‘Charity care’ on the decline
Thursday, March 23, 2006
The percentage of American doctors who provide charity care to the uninsured continues to decrease. A new report from the Center for Studying Health System Change shows the decline has been going on for a decade. KPBS Reporter Kenny Goldberg has the story.
The report shows the decline in charity care has spread across all major medical specialties and geographical regions. And it comes at a time when the number of uninsured in the U.S. has increased to nearly 46 million people.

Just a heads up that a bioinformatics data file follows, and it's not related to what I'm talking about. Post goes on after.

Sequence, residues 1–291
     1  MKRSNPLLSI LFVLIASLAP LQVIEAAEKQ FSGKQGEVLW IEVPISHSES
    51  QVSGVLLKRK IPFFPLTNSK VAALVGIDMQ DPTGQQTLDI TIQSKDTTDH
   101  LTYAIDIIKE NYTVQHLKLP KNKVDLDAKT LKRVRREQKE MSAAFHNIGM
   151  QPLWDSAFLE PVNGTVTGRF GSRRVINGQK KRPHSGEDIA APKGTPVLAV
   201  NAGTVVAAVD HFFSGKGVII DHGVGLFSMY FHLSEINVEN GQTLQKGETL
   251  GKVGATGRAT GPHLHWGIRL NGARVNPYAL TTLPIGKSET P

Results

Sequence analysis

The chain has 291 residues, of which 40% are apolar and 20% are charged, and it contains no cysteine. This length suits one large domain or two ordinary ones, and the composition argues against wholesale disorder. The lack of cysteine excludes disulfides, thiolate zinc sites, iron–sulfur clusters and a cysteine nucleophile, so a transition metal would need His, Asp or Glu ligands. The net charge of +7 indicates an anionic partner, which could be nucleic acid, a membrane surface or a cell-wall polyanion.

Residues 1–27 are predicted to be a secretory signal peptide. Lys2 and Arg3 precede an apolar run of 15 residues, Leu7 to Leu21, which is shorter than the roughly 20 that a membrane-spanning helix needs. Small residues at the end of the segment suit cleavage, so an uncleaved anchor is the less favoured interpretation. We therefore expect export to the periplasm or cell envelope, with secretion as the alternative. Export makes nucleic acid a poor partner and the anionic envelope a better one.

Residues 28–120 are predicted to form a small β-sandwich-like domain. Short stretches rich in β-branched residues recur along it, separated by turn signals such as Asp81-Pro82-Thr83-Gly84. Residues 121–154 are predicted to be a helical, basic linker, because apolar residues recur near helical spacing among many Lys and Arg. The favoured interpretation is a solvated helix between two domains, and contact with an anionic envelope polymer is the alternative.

Dr. Ted Maser is president of the San Diego County Medical Society.
Maser: "Government has an obligation to make sure the uninsured have access to care. It's not the private doctor who's responsible. We have a moral obligation and an ethical obligation to try to help. But we're not responsible for that, nor should we be asked to pay for it."
Maser suggests the government should boost funding for community clinics. And he says if insurance companies would pay better, doctors could afford to deliver more free care.
Kenny Goldberg, KPBS News.
To view PDF documents, Download Acrobat Reader.
Please stay on topic and be as concise as possible. Leaving a comment means you agree to our Community Discussion Rules. We like civilized discourse. We don't like spam, lying, profanity, harassment or personal attacks.